By Pat Anson, Editor
An Australian biotech company is testing a new stem cell treatment for degenerative disc disease.
Mesoblast is enrolling patients in a Phase 3 study to see if a single injection of mesenchymal precursor cells (MPCs) taken from the bone marrow of healthy donors can relieve back pain and improve the mobility of patients with disc disease, which occurs when the cushions between vertebrae wear down because of aging, genetics or injuries.
Millions of MPCs are injected directly into the damaged disc in an outpatient procedure. Previous studies have found that MPCs have anti-inflammatory effects, and help strengthen and improve the stability of damaged discs. The treatment is being developed for patients who have exhausted other options for their back pain.
“Patients with this level of degeneration often try multiple treatments for relief, including pain medication, massage, physical therapy, chiropractic adjustments and acupuncture,” says lead investigator Kee Kim, MD, professor of neurological surgery and co-director of the University of California Davis Spine Center.
“For some of them, nothing seems to help, and we end up operating to remove the degenerated disc and fuse the spine to eliminate motion that may cause increased pain. We want to know if a single dose of this investigational therapy can offer relief without the need for surgery.”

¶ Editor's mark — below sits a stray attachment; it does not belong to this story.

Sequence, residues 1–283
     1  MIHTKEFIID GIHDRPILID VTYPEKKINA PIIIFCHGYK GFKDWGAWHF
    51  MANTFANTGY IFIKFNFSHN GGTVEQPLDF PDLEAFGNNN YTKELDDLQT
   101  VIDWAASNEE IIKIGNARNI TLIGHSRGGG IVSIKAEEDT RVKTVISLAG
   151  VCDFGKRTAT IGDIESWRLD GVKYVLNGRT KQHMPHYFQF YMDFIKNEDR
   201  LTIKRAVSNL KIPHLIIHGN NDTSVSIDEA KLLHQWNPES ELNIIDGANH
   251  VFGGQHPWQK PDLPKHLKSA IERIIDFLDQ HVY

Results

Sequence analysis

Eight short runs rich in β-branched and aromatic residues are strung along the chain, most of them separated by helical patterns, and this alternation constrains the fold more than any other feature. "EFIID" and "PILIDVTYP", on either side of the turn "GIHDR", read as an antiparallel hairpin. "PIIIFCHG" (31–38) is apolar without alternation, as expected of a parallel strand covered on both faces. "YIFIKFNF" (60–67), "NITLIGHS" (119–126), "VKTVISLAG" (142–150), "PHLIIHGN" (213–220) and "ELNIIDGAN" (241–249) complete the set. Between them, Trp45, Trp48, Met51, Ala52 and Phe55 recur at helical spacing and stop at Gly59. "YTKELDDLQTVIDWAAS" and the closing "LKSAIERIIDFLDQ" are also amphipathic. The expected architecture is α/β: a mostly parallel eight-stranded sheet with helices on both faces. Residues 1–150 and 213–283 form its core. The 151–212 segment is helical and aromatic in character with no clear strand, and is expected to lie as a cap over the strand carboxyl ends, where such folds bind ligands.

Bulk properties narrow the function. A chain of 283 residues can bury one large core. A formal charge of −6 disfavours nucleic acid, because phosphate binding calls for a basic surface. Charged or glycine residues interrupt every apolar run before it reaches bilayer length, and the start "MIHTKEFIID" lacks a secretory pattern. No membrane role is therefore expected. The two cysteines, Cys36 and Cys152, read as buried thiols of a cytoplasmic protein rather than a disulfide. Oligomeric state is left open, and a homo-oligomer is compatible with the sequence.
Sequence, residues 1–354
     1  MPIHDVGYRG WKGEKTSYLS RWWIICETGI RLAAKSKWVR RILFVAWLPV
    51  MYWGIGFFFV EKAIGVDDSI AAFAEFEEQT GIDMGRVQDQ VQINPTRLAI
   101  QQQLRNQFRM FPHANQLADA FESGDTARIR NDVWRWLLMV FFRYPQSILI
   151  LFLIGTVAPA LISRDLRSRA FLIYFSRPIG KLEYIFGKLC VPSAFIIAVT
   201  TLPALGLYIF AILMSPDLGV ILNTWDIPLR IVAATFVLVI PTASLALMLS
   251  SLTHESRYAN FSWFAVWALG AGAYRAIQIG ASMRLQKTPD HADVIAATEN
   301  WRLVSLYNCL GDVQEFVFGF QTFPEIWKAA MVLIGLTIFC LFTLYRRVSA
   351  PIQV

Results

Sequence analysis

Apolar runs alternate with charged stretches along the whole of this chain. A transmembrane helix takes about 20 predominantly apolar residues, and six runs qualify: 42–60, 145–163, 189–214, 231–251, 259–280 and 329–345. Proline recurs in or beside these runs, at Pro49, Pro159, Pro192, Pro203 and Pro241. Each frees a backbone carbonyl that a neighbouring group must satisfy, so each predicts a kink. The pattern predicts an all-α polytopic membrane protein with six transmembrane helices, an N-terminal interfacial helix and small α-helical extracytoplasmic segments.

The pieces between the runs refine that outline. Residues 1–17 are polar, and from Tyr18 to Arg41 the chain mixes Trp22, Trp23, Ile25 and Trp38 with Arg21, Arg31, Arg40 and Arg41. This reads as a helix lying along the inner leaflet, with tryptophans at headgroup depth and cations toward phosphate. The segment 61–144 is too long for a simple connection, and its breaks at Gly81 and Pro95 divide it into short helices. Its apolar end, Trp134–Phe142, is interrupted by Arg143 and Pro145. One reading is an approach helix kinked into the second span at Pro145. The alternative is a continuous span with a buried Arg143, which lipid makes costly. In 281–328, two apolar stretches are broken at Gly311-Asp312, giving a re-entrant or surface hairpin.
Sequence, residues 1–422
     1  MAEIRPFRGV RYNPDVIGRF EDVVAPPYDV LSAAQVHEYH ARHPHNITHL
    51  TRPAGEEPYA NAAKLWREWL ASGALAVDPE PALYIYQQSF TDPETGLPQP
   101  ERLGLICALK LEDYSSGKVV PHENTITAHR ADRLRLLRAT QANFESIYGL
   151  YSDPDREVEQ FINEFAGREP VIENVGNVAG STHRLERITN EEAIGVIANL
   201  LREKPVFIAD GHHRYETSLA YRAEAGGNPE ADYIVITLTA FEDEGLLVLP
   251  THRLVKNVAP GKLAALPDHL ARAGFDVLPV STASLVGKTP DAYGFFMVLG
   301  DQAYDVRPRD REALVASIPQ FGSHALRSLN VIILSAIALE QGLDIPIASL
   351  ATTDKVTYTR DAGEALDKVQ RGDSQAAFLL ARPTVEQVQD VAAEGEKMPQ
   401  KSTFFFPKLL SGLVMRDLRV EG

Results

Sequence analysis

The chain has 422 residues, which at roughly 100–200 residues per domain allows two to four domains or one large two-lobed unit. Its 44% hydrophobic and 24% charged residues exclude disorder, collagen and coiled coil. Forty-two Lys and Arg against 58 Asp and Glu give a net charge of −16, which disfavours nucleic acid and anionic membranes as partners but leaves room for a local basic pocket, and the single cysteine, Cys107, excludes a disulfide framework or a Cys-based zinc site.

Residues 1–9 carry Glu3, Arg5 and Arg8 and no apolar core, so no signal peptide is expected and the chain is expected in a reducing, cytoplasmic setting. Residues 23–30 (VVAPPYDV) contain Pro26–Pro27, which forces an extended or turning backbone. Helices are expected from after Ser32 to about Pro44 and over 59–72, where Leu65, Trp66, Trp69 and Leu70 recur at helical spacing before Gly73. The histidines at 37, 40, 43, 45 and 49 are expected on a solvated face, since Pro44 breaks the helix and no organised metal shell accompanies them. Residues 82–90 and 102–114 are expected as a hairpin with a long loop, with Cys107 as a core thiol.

UC Davis is one of 28 sites in the United States and Australia involved in the study. Participants with degenerative disc disease in the lower back will receive injections of either MPCs, MPCs with a carrier material (hyaluronic acid) or a placebo. Although the MPCs are collected from donors, tissue matching is not necessary.
Following treatment, participants will be evaluated by researchers six times over the course of a year. They also will be given the option to participate in an extension of the study to track their progress for three years after the initial injection.
Previous studies have found that MPCs have anti-inflammatory effects, and help strengthen and improve the stability of damaged discs. Researchers caution, however, that the treatment may not be effective for everyone.
“Many patients with back pain will not benefit from this stem cell therapy and may still require surgery,” Kim said. “For some patients, it could offer improvement. For these patients, it is worth exploring this alternative.”
You can find out more about the study by clicking here.